"Ante, § 320–324, 442-444, 464, 465.

12 Ante, § 441.

offences, as in the sale of intoxicating liquor without license,1 if the instigator, besides procuring the thing to be done, is . also the person to be benefited by the doing, he is, though absent, criminally responsible. The agent in these cases is likewise, we have seen, responsible : 3 though, in the case of an information against the captain of a man-of-war for preventing the coroner from taking an inquest upon the body of a person hanged in his ship, where the captain had acted under a mistake of his legal duty;4 the court, granting the information, refused to proceed also against his boatswain, who had participated in the transaction under his order.5 Yet in respect of this case, we should remember, that the information was a proceeding in some sense discretionary with the court; and, therefore, that perhaps the judge would have deemed the boatswain liable, if the question had arisen on the trial of an indictment against him.

§ 485. Moreover, there may be crimes of such a peculiar nature, that, therefore, no person can commit them, or become guilty in respect of them, except by doing the forbidden thing personally.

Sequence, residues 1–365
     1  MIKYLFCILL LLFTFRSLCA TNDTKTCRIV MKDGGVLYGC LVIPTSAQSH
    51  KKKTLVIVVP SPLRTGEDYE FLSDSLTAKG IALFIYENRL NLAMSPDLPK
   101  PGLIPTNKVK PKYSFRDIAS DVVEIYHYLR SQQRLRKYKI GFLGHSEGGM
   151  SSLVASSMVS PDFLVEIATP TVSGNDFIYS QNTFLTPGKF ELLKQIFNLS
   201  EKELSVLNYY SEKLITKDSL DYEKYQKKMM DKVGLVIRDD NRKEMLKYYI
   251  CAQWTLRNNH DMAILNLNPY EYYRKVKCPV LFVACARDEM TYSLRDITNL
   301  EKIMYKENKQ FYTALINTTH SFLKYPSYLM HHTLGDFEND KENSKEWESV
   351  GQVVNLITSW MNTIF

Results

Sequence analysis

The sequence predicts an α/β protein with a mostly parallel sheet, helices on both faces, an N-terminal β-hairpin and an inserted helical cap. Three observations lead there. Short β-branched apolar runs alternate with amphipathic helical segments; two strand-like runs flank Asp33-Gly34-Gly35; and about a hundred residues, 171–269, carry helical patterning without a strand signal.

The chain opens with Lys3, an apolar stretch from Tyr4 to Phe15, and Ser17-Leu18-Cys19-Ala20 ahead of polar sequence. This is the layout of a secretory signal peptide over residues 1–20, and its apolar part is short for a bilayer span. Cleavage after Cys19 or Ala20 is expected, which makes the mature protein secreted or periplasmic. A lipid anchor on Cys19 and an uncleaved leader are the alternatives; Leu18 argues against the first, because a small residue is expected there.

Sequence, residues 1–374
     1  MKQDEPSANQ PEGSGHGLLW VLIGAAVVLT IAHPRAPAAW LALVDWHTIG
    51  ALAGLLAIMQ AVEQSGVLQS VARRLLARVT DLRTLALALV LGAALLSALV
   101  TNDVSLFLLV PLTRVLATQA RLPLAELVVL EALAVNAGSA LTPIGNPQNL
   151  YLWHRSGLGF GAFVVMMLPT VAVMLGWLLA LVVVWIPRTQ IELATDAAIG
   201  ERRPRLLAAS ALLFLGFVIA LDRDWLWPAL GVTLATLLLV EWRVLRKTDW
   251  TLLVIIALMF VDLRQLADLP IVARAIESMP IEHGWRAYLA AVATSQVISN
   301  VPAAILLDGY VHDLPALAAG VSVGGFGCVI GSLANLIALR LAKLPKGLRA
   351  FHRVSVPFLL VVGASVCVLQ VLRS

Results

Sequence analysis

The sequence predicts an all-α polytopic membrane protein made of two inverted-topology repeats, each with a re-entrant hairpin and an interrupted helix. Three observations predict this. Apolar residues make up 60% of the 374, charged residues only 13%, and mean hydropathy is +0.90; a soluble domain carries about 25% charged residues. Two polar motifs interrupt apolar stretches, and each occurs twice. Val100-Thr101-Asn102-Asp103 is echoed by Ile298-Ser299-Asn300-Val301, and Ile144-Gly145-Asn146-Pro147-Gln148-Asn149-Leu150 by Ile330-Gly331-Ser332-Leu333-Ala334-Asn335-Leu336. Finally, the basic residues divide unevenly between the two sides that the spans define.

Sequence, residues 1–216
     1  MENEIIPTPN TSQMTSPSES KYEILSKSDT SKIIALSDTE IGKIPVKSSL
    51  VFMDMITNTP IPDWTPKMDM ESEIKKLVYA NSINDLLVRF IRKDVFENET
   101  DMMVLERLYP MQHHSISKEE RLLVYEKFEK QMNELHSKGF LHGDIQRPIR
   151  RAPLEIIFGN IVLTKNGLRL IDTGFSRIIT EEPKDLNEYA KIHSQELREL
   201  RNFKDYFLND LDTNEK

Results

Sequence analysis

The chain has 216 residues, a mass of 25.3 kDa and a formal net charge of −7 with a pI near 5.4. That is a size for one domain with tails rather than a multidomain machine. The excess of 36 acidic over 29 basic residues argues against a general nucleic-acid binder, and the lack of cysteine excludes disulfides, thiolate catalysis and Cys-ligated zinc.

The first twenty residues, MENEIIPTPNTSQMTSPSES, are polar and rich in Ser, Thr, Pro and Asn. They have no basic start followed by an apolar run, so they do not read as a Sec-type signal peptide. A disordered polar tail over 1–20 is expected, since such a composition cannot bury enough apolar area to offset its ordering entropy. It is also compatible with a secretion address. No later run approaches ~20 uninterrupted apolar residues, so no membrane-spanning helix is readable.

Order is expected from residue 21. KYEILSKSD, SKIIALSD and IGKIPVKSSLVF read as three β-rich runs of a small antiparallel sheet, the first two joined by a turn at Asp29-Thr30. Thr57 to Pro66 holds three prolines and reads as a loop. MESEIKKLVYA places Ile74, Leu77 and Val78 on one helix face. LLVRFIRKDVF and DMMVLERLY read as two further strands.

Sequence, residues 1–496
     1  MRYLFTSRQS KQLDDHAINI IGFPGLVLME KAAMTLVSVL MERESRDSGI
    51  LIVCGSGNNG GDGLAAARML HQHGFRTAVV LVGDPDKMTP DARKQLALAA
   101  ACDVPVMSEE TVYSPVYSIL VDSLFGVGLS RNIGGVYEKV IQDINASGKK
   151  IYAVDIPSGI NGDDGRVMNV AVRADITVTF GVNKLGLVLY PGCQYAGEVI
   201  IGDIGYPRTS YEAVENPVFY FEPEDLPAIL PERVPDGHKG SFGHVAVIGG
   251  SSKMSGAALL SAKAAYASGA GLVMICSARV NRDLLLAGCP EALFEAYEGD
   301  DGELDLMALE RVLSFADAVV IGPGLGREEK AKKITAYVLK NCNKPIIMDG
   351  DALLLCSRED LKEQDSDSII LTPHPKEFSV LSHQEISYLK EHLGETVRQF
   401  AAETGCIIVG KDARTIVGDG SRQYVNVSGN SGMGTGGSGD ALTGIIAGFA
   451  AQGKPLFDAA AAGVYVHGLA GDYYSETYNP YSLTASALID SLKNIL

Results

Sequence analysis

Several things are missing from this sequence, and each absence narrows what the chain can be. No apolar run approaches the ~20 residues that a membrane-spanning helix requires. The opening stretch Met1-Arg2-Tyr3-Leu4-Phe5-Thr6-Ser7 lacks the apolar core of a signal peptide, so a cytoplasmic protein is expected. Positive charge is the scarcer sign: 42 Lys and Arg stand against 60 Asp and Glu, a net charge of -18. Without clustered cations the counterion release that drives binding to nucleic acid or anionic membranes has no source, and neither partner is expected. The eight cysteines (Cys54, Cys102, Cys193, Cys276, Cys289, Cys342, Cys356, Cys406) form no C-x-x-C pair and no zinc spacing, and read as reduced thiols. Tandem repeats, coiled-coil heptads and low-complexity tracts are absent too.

III. Accessories after the Fact.

§ 436. Let us examine the law relating to accessories after the fact, in the order just pursued; namely, First, As to felony, represented on our Diagram of Crimei by delk;


See ante, $ 483, and the authorities there cited. ? And see ante, $ 473.

Ante, $ 275. 4 Ante, $ 238. 5 Rex v. Soleguard, Andr. 231, 234, 235.

• See ante, $ 87, 282, 284; Rex v. Douglas, 7 Car. & P. 644; Commonwealth v. Dean, 1 Pick. 387; Mount v. The State, 7 Sm. & M. 277; O'Blennis v. The State, 12 Misso. 311; Vaughn ». The State, 4 Misso. 530. Ante, $ 441.


Secondly, As to treason, represented by E Fed; Thirdly, As to misdemeanor, shown by k l L M.